It has only been two weeks since the inaugural Kafka Summit London, and I’m sure many of you who attended are still internalizing what you learned there. But what about the many tens of thousands in the Apache Kafka® Community who didn’t attend? Well, I have good news for you: session videos are available!
But first, let’s pause to remember a few stats that made this Summit so unforgettable.
Now then. About the videos. A complete playlist is available here, including sessions and keynotes both. Go there and check it out!
If you want to get started on Summit videos, here’s Neha’s keynote entitled The Present and Future of the Streaming Platform:
That keynote defines a five-step adoption journey we observe organizations going through as they build streaming systems. (It’s interesting to follow along in the talk and ask yourself where you fit in.) First, you become aware of streaming as an architectural paradigm and build a pilot system. After that pilot succeeds, streaming goes live with the first production system. Third, the small production system spreads to an mission-critical application. Fourth, as the organization gains competence with the new platform and comes to depend more and more on the advantages conferred by a streaming platform, that mission-critical application is expanded to a global use case, where streaming data is produced and consumed across geographies. Finally, the organization learns that a streaming platform is the proper core on which to layer all of its applications and services, and the “central nervous system” metaphor of comprehensive streaming adoption finally becomes true. Streaming adoption, having begun with an idea and a pilot project, has finally transformed a business and its entire information architecture.
Data, as the cliche tells us, is the new oil. Now, Stefan Bauer of Audi would know a thing or two about oil, and he disagrees with that analogy: he says data is the new DNA. His talk describes the back-end systems Audi is creating to capture and analyze data generated by conventional connected cars, and the 4TB/day of data generated by the present prototypes of self-driving cars. One must remind oneself that cutting-edge automotive manufacturers like this still do, in fact, manufacture automobiles, because the real growth edge in the business is no longer metal, glass, and rubber, but data. And because their products are a transportation medium—that is, they are fundamentally dynamic things—that data must be modeled as streaming data. Kafka is at the heart of the whole endeavor.
Piyush Vijay and Charly Molter of Apple shared their organization’s significant experience running Kafka at scale. They have centralized Kafka operations across the company, and offer Kafka as a service to groups within Apple. They are able to centralize developer tooling and security configuration, both of which are essential at scale. Like many large enterprises, they have a thin wrapper layer around the standard Kafka library which enables them to offer their not-inconsiderable set of standard Kafka features to internal developers, without requiring those developers to learn too much about Kafka administration or architecture. Their solution to end-to-end encryption in topic data was particularly interesting, but for the details, you’ll have to watch the whole thing.
A recurring theme of the ops-oriented talks at the Summit was that operating Kafka is not easy, and I suppose we at Confluent have long agreed with this. But there’s still no substitute for listening to seasoned operators like Gwen Shapira and Xavier Léauté tell us how to monitor Kafka like pros. They gave authoritative advice on how to bread-and-butter monitoring tasks like rolling broker upgrades, client upgrades, and slow replication. There is so much practical advice in this talk about what to monitor (server logs, JVM GC log, heap dumps, JMX metrics) and how to monitor it (gceasy.io, Flame Graph, Confluent Control Center) that all you can really go do is go watch the talk. Bonus question: how many 0.9 Consumer clients did it take to take down a 1.0 cluster, and what was the mechanism? Report back once you know the answer.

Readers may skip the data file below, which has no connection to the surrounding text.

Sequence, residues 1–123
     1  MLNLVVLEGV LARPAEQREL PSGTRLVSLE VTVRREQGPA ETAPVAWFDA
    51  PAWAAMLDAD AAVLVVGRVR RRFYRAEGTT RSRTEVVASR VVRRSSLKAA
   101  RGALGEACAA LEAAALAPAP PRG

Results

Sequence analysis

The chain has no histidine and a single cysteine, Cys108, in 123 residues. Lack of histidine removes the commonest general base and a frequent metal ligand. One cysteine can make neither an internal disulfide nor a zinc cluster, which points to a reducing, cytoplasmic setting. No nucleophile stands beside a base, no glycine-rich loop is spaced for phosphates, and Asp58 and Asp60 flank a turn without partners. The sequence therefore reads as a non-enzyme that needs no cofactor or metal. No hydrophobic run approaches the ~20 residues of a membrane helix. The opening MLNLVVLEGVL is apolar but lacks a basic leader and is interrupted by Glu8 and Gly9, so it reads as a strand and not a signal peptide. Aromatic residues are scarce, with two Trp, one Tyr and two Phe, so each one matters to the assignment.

It should come as no surprise that streaming data would be the theme of the Kakfa Summit, but we should not let this observation pass us by unremarked. Kafka in its origins was a front end to a large, static block store: people used it to ingest big event streams into Hadoop. One does not need to keep one’s ear to close to the ground in today’s Kafka Community—and indeed, in the software and data architecture communities at large—to see that streaming is now the architectural paradigm dominating new designs. Not data ingestion to a static analytics platform, but a true substrate on which a dynamic, evolvable, real-time enterprise can be built.
In other words, there’s some really important content in here that is not just helpful to individual Kafka developers and admins, but helpful to drive the Kafka community forward. This is not a platform that is standing still, solving the problems of five years ago. It is a rapidly evolving platform focused on solving the problems you’re about to have—skating, as is so widely quoted as to risk cliché—to where the hockey puck is going to be. To keep up, we all need to contribute, listen, and amplify what the community is saying. So please share these videos in your own networks. They’re helpful to each of us as individuals, and helpful to us as a community as we continue to grow Kafka as the definitive streaming platform solution.
And join us, if you can, in San Francisco this October.
If you’d like to know more, here are some resources for you: